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Ian Levine has made several contributions to Doctor Who.

He composed the theme music for K9 and Company, and was also the producer of the 1985 charity single Doctor in Distress (releasing it on his label, Record Shack Records) He was also the co-producer of Downtime, and contributed to Doctor Who: The Unfolding Text. He later received thanks for work on Ian Chesterton: An Introduction.

He was one of the earliest advocates for the BBC to formally begin the process of recovering missing episodes. As a result, he was responsible for returning various episodes from private collections; such as The Abominable Snowmen episode 2, and Invasion of the Dinosaurs episode 1. [1] For a while, he also collaborated with the Doctor Who Restoration Team on DVD releases of older stories. [source needed]

During an interview for the DVD documentary Genesis of a Classic, Elisabeth Sladen swore in response to a question he asked about the clothing of Sarah Jane Smith. This clip gained some attention among fandom social media circles during 2021.[2] Ian himself responded, claiming that the response was a light-hearted joke between the two of them.[3]

Disputed claims[]

According to himself, he was also the unofficial continuity consultant for Doctor Who in the 1980s, apparently leaving after the casting of Bonnie Langford.[4] In the documentary The Missing Years, he also credits himself with personally saving the entirety of The Daleks from destruction by BBC Enterprises. As of 2022, neither of these claims have been corroborated by any other individuals involved or any relevant documentation.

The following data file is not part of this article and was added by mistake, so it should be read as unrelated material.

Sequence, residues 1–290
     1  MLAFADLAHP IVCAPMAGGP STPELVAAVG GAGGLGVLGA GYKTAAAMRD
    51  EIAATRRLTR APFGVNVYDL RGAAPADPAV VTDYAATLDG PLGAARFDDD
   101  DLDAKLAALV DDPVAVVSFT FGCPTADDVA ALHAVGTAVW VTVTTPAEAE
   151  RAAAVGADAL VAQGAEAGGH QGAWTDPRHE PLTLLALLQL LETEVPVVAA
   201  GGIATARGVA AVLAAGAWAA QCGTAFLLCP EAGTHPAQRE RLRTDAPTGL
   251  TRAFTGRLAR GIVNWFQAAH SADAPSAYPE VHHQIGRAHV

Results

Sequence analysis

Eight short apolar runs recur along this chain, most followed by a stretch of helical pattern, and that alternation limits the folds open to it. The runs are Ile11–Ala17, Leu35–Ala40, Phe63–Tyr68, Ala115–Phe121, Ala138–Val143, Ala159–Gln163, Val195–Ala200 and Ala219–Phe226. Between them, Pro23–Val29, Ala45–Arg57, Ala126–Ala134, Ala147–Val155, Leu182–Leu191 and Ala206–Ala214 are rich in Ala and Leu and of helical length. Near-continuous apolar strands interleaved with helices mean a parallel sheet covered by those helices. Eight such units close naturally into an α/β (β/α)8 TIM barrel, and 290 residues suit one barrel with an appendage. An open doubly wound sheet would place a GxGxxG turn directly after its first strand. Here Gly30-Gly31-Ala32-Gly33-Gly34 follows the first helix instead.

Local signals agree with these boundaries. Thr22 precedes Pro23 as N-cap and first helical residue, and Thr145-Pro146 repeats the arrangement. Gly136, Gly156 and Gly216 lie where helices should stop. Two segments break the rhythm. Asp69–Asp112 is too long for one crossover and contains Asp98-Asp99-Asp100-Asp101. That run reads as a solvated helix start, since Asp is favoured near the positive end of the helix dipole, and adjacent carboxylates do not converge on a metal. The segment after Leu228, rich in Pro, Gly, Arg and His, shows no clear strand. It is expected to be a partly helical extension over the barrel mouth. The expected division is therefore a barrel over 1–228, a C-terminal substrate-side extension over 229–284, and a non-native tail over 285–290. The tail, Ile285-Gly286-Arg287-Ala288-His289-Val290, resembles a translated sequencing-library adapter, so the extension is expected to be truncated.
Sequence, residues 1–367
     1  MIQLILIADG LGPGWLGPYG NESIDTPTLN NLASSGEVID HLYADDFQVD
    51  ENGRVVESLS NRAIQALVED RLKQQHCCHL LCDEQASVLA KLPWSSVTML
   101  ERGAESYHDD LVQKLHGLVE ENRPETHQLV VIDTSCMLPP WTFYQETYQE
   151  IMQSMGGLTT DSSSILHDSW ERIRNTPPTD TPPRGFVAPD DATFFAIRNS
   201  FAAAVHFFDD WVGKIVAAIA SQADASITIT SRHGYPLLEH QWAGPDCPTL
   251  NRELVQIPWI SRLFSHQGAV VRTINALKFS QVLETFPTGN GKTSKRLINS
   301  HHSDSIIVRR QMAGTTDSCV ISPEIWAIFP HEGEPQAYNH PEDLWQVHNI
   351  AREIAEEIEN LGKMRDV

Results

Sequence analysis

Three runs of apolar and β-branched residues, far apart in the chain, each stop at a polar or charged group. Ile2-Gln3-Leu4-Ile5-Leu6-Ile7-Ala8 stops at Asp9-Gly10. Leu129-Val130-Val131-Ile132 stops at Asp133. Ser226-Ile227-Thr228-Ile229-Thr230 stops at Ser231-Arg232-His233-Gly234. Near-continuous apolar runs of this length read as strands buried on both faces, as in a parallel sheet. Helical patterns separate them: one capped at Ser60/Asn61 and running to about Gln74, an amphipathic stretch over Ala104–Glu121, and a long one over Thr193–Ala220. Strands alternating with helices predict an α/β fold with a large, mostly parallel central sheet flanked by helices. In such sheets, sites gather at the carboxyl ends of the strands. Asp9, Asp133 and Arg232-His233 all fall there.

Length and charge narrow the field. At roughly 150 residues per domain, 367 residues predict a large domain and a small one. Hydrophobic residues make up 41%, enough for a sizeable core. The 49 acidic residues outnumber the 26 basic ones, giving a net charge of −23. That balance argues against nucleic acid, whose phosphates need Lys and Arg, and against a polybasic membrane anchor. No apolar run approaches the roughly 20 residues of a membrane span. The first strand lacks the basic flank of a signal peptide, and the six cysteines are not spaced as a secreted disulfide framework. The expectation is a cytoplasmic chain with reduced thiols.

He has claimed he co-wrote Attack of the Cybermen, although Eric Saward disputed this.[5] According to Richard Bignell, Levine has also claimed that Saward was to write a story for Season 23 called Gallifrey, but Saward has also disputed this claim.[6]

Levine has also claimed that a storyline for the unmade Season 23 story Yellow Fever and How to Cure It was written, but Bignell has noted that there is no evidence such a storyline document was commissioned from Robert Holmes,[7] and has also taken issue with Levine's claim that the Rani would not have been featured in said story if created - as documentation exists to show permission was received from Pip and Jane Baker to use the Rani.[8][9]

In-universe references[]

In the K9 episode The Cambridge Spy, a newspaper clipping from 1963 mentions "His Honour Chief Justice Ian Levine". His obsession with the show led to him being parodied in the form of Victor Kennedy for Love & Monsters.[source needed]

External links[]